The George Harrison tribute: “My dream right from the start was, imagine if… Prince comes out and does the guitar solos”
It was certainly far from over – in fact, for Prince, the night was only just beginning.
Revisiting the evening for The New York Times in the wake of Prince’s death, Joel Gallen, producer and director of the 2004 Rock And Roll Hall Of Fame ceremony, revealed, “My dream right from the start was, imagine if I can get everybody up onstage at the end of the night to do While My Guitar Gently Weeps, and Prince comes out and does the guitar solos.” One of George Harrison’s signature Beatles songs, While My Guitar Gently Weeps came pre-loaded with an iconic guitar solo, thanks to Eric Clapton’s guest appearance on the original 1968 recording. However, performed in tribute 36 years later by many of Harrison’s closest friends, the song would inspire Prince to deliver a career-best guitar solo that would become the lasting memory of the whole evening.
Harrison’s widow, Olivia, had initially wanted the tribute to consist solely of musicians who had known her late husband. After the Hall Of Fame convinced her to let Prince be part of the band, Gallen wrote Prince a letter, personally asking him to perform. During a private meeting in Los Angeles, Prince told Gallen, “You know, I got your letter, I liked the idea, I’m going to listen to the song a few times, and I’ll get back to you.” As negotiations continued over the following weeks, Prince recognised the importance of being asked (“It was an honour to play with him,” he later said of sharing the stage with Tom Petty. “Free Fallin’ is one of my favourite songs”), but he expressed concern over who would own the broadcast. “He wanted to make sure that his performance was not exploited without his knowledge,” Gallen explained.
The rehearsal: “I got the sense that he was holding back… He’s gonna blow us offstage later”
Despite delivering a flawless performance ahead of his own induction into the Rock And Roll Hall Of Fame, Prince had been plagued by sound problems throughout rehearsals the previous night. Before heading back to his hotel, he was noncommittal about returning later that evening to attend rehearsals for the George Harrison tribute – and, in the event, he didn’t have to.
Planning to run through the song as part of a band consisting of Tom Petty, Jeff Lynne and George Harrison’s son, Dhani, on vocals and guitar (with Lynne collaborator Marc Mann on lead guitar); Steve Winwood (keyboards) and Jim Capaldi (percussion), of fellow 2004 Rock And Roll Hall Of Fame inductees Traffic; session ace Jeff Young on piano; and members of Petty’s Heartbreakers, Scott Thurston (bass) and Steve Ferrone (drums), Prince arrived for rehearsal, waiting on the sidelines to take his solos.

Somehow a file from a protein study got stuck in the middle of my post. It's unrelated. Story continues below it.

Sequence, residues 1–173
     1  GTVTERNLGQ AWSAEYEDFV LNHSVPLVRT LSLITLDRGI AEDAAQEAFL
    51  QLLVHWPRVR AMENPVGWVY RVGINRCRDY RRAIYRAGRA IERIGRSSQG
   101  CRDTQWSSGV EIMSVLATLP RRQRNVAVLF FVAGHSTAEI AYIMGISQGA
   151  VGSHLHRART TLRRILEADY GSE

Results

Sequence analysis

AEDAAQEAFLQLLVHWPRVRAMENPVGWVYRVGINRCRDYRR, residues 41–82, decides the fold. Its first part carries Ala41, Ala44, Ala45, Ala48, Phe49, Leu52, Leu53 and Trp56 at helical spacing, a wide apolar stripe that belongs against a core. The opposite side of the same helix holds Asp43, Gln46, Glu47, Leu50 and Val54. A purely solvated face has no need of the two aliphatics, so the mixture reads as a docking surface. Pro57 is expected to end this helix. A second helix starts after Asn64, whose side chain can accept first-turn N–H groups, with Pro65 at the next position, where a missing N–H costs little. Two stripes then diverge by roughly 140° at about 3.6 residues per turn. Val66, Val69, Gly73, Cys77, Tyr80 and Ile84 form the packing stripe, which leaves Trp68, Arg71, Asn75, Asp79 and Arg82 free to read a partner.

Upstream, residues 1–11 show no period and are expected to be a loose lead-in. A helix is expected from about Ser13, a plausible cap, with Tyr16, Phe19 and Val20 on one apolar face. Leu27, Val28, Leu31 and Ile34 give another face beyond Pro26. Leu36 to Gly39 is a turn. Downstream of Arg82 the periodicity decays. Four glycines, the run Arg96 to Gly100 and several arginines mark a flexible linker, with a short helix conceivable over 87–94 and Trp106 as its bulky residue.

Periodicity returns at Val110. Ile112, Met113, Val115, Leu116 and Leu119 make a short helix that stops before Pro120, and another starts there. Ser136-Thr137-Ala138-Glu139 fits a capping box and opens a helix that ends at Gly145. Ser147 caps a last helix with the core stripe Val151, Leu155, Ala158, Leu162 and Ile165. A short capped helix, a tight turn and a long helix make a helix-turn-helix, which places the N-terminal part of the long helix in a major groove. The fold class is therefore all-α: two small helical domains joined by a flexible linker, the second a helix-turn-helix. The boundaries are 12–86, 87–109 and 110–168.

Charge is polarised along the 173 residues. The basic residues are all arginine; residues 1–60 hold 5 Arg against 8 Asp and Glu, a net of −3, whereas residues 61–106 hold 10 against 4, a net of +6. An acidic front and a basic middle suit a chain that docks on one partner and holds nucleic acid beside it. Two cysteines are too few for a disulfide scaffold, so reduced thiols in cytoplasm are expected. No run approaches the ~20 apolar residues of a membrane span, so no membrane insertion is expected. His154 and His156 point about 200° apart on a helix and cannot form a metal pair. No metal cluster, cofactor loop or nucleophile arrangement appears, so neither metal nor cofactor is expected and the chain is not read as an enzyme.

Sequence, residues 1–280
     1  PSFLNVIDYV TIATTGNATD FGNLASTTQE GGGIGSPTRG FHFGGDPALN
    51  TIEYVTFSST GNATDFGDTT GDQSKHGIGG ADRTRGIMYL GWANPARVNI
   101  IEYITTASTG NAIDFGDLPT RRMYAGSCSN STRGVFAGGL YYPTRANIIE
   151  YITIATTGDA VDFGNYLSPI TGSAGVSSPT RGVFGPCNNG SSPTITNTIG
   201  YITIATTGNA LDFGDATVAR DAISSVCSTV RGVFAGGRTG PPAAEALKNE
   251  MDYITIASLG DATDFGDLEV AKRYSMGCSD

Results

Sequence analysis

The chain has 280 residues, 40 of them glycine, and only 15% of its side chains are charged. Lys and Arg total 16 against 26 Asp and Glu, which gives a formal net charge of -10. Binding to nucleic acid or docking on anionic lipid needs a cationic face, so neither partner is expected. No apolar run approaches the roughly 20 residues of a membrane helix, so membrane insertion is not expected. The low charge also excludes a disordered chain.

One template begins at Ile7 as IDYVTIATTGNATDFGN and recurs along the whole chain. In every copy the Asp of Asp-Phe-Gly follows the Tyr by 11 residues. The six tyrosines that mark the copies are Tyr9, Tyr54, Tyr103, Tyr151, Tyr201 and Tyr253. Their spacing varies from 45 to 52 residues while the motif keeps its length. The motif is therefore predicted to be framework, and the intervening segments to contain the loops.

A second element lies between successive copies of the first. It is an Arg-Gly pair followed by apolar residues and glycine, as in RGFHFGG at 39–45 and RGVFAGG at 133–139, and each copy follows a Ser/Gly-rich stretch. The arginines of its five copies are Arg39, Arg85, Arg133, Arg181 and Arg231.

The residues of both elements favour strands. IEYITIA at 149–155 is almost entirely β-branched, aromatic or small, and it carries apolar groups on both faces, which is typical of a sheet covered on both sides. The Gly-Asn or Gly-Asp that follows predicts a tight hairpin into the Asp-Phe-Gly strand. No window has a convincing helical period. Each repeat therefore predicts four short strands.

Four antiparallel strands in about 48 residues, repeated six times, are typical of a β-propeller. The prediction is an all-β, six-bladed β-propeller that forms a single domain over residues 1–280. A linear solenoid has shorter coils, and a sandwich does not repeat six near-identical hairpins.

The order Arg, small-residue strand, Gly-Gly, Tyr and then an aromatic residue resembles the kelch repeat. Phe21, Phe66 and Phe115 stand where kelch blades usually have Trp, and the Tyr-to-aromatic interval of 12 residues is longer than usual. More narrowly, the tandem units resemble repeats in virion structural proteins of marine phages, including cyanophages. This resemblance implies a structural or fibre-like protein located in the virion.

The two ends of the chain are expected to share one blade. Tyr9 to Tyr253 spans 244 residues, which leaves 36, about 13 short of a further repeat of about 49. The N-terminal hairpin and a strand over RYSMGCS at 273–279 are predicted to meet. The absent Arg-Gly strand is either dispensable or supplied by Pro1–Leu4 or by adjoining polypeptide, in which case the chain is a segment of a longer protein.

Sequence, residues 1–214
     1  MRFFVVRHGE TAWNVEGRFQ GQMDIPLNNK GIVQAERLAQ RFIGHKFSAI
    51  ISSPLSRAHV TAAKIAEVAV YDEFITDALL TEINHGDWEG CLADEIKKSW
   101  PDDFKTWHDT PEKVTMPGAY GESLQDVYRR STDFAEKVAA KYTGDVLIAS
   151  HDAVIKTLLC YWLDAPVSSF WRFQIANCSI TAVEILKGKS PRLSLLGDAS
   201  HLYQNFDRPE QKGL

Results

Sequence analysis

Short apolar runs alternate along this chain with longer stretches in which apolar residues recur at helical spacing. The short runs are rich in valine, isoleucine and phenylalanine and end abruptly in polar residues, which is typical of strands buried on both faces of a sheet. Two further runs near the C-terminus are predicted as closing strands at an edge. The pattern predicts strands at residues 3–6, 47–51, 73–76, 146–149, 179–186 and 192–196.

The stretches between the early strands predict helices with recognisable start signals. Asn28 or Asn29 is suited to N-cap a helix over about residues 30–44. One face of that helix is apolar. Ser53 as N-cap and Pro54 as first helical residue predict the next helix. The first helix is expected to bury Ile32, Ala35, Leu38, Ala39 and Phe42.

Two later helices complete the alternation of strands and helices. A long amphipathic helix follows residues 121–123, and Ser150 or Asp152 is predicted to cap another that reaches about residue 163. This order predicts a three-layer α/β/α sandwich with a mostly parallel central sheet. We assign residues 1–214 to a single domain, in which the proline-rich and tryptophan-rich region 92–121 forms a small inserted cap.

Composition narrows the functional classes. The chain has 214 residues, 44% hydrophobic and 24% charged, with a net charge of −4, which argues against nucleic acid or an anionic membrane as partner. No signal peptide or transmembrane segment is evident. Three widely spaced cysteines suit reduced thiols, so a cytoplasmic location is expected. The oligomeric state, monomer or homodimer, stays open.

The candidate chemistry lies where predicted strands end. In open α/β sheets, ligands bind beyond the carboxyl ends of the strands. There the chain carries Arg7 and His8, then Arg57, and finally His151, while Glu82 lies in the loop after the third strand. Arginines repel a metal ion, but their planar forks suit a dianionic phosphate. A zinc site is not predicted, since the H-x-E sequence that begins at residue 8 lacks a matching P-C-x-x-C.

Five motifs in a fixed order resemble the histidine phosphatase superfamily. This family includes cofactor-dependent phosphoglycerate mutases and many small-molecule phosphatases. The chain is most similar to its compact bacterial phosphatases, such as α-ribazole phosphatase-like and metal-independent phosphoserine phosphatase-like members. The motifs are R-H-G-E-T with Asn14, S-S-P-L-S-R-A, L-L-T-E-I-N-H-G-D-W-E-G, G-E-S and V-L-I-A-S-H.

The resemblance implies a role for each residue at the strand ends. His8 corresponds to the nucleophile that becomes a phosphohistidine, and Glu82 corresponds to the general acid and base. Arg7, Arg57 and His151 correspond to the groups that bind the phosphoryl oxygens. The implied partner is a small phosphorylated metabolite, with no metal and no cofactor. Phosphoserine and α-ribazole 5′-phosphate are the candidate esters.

“When we get to the middle solo, where Prince is supposed to do it, Jeff Lynne’s guitar player just starts playing the solo. Note for note, like Clapton,” Gallen later recalled. “And Prince just stops and lets him do it and plays the rhythm, strums along.” A concerned Gallen then looked on aghast as the same thing happened at the song’s final solo. “Prince doesn’t say anything, just starts strumming, plays a few leads here and there, but for the most part, nothing memorable.” Worried that they’d blown their chance to rehearse with Prince, Gallen raised the alarm with Petty and Lynne: “This guy cannot be playing the solos throughout the song.”
Looking to smooth things over, Gallen took Prince aside, “And he was like, ‘Look, let this guy do what he does, and I’ll just step in at the end. For the end solo, forget the middle solo.’ And he goes, ‘Don’t worry about it.’ And then he leaves. They never rehearsed it, really. Never really showed us what he was going to do.”
“I got the sense that he was holding back,” Dhani Harrison later told Esquire. “He wasn’t gonna play like that in the real thing. I said to Tom, ‘He’s being really nice, but he’s gonna come and blow us offstage later.’”
The tribute performance: “I just started nervous laughing”
For those watching the Rock And Roll Hall Of Fame’s tribute to George Harrison at home, it wasn’t immediately clear that Prince was onstage. Now clad in a black suit with a crimson-coloured shirt and matching handkerchief, set off with a wide-brimmed crimson hat, Prince, standing to the side, made for an inconspicuous figure, bobbing his head in the shadows as the group wound their way through While My Guitar Gently Weeps. Marc Mann took the middle solo as planned, delivering a faithful homage to Eric Clapton’s original. Three and a half minutes in, however, there could be no mistaking Prince’s presence in the room.
Dhani Harrison, previously concerned about being blown off stage, breaks into a smile when he sees Prince step forward, the unmistakable sound of his Hohner guitar cutting through as he releases all his pent-up rehearsal energy into a once-in-a-lifetime solo. “I was imagining what Tom Petty was thinking, and I just started nervous laughing,” Harrison later admitted. “Then his solo was so incendiary that I started really laughing and enjoying it.”